Meghan O'Sullivan

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Meghan R. O'Sullivan is Professor of the Practice of International Affairs at Harvard University's Belfer Center. Her areas of research include nation-building, counterinsurgency, decision making in foreign policy, the geopolitics of energy, Iraq, Afghanistan, and Pakistan. She is a member of the Council on Foreign Relations and the Trilateral Commission. She has been awarded the Defense Department's highest honor for civilians, the Distinguished Public Service Medal, and three times been awarded the State Department's Superior Honor Award. In October 2008, Esquire magazine named her one of the most influential people of the century.[1]

In a July 2009 Washington Post op-ed, she approved of the Obama Administration's political engagement with Iraq as military involvement waned, but expressed concern about Vice President Biden's speaking of a "need to broker a grand bargain between Sunnis, Shiites and Kurds, and to resolve disputes between 'the different confessional groups.' He made clear that he -- and, presumably, the United States -- saw Iraq's challenges and solutions largely in terms of sectarian or ethnic groups." She felt that framing the discussion in such terms pushes Iraqis back from the sectarian model they have been trying to leave. [2]

George W. Bush Administration

From July 2004 to September 2007, she was Special Assistant to President George W. Bush and also held the position of Deputy National Security Advisor for Iraq and Afghanistan for the last two years of this tenure. She spent two of the last five and a half years in Iraq, most recently in fall 2008 at the request of Ambassador Ryan Crocker and General Ray Odierno to help conclude the security agreement between the United States and Iraq.

As Deputy National Security Advisor for Iraq and Afghanistan. She participated in strategic policy reviews on Afghanistan in the summer of 2006 and one on Iraq in late 2006 and early 2007. She was promoted to that role from Senior Director for Strategic Planning and Southwest Asia. National Security Council (NSC).

Before joining the NSC, she was political advisor to the Administrator of the Coalition Provisional Authority and the Deputy Director for Governance in Baghdad, Iraq from April 2003 to June 2004, and worked on the Transitional Administrative Law and the Iraqi Interim Government.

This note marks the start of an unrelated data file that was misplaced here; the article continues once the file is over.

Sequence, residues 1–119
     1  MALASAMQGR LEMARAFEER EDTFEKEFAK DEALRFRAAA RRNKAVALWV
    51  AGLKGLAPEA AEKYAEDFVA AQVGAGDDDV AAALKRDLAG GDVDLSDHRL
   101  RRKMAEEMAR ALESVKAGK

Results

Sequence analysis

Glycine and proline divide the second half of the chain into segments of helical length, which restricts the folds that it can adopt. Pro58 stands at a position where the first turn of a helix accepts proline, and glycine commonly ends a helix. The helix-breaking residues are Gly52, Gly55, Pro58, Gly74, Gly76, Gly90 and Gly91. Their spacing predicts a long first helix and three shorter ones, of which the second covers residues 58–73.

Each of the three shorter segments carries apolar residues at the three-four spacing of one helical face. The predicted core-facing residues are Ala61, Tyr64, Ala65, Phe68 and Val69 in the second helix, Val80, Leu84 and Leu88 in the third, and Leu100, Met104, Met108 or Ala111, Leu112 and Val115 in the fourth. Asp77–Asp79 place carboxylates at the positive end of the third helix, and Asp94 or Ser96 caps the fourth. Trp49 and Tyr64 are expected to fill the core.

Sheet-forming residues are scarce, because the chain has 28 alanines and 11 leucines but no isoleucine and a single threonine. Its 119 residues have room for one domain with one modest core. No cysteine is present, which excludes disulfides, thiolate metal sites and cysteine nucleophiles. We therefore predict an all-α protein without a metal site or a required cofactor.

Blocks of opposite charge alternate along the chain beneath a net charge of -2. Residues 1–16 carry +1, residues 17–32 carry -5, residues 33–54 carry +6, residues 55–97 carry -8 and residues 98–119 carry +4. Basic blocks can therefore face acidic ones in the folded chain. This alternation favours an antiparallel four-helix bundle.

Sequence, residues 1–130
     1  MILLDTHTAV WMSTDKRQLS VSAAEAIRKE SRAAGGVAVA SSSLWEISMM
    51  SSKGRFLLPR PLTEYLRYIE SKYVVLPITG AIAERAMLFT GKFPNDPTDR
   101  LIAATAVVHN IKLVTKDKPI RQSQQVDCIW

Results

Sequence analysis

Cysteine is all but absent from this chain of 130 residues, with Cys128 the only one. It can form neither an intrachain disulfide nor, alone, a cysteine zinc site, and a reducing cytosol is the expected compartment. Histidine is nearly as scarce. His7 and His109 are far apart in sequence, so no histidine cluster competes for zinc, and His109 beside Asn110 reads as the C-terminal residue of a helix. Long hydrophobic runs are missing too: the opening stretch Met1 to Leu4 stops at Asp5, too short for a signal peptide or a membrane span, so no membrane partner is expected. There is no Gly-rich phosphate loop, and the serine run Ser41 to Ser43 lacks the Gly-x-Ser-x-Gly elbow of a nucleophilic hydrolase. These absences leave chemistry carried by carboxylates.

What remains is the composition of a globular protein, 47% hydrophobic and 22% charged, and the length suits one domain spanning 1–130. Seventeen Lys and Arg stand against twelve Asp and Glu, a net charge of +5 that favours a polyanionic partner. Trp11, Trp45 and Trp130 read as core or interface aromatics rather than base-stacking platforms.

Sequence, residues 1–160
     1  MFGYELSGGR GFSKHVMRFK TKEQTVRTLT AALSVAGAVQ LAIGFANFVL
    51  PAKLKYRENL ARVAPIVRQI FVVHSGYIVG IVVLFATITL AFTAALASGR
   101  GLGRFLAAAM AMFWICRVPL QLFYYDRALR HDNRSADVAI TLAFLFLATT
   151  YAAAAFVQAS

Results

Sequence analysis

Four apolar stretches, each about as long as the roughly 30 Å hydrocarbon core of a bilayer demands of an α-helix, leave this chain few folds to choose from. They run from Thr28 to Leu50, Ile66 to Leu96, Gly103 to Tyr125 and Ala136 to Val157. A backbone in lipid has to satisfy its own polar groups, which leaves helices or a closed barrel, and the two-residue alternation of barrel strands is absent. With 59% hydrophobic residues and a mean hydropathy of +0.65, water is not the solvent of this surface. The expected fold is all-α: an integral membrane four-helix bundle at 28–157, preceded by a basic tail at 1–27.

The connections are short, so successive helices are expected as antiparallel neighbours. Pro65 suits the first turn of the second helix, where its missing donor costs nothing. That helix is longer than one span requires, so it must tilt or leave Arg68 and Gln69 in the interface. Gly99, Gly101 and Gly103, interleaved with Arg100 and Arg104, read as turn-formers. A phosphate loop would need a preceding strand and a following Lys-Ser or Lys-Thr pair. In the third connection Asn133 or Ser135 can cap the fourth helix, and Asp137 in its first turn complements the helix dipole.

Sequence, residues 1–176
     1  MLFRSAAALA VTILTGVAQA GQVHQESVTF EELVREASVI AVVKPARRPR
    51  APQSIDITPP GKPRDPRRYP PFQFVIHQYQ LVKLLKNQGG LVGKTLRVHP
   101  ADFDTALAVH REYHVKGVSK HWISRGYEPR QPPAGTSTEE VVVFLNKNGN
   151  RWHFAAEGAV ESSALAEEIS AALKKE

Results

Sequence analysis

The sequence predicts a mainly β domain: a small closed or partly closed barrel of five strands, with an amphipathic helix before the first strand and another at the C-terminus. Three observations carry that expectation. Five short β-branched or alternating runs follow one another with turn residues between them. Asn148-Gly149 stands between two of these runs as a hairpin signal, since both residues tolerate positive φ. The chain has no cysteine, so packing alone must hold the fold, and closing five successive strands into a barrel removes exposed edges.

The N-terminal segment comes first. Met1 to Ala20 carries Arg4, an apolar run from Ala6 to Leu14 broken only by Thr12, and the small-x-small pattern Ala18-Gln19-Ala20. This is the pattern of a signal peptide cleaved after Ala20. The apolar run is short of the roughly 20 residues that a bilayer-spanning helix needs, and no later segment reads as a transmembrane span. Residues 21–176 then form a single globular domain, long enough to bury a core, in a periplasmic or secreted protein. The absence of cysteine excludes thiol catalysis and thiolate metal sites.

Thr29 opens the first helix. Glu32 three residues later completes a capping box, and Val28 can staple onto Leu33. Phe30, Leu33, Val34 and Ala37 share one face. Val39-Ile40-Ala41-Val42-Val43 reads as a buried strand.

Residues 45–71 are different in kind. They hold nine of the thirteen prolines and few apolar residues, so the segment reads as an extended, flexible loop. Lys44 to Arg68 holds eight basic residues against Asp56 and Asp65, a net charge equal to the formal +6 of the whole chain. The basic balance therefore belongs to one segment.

Later, when she was in Iraq working for CPA, she had to climb out of a tenth-story window and creep to safety after the Rashid Hotel was hit by rocket fire and her door was jammed.[3] Bremer later ordered her not to speak to a reporter as part of his controlling the message.[4]

Prior to CPA, she was a member of the humanitarian assistance team in the Office of Reconstruction and Humanitarian Assistance in the Iraq War. Previously, she was a planner in the State Department "Future of Iraq" project. [5] She found this frustrating, when she saw a Silkworm (missile) fly overhead while she waited in Kuwait, realizing that if she had stayed at State, she would have full access to U.S. intelligence, while she knew nothing more than she could learn from CNN.[6]

Department of State

From November 2001 to March 2003, she was a member of the Policy Planning Staff of the U.S. Department of State, where she was the chief advisor to the presidential envoy to the Northern Ireland peace process and helped advance efforts to promote reform in the Muslim world.

Research and academia

From 1998-2001, she was a Fellow at the Brookings Institution. During that time, she was also an adjunct professor at Georgetown University. Her book, Shrewd Sanctions: Statecraft and State Sponsors of Terrorism[7] and edited volume (with Richard Haass) Honey and Vinegar: Incentives, Sanctions, and Foreign Policy (2000) rendered her, in the eyes of the stronger neoconservatives, soft on Iraq. [8]

She received a B.A. from Georgetown University; she received a masters of science in Economics and doctorate in Politics from Oxford University.

References

  1. Experts: Meghan O'Sullivan, Belfer Center, Kennedy School of Governent, Harvard University
  2. Meghan O'Sullivan (July 21, 2009), "Issues Before Identity in Iraq", Washington Post
  3. George Packer (2005), The Assassins' Gate, Farrar, Straus and Giroux, ISBN 0374299633, pp. 184-186
  4. Packer, p. 201
  5. Bob Woodward (2004), Plan of Attack, Simon & Schuster, ISBN 07432554, pp. 283-284
  6. Packer, p. 131
  7. Meghan O'Sullivan (2003), Shrewd Sanctions: Statecraft and State Sponsors of Terrorism, Brookings Institution Press, ISBN 0815706022
  8. Packer, p. 131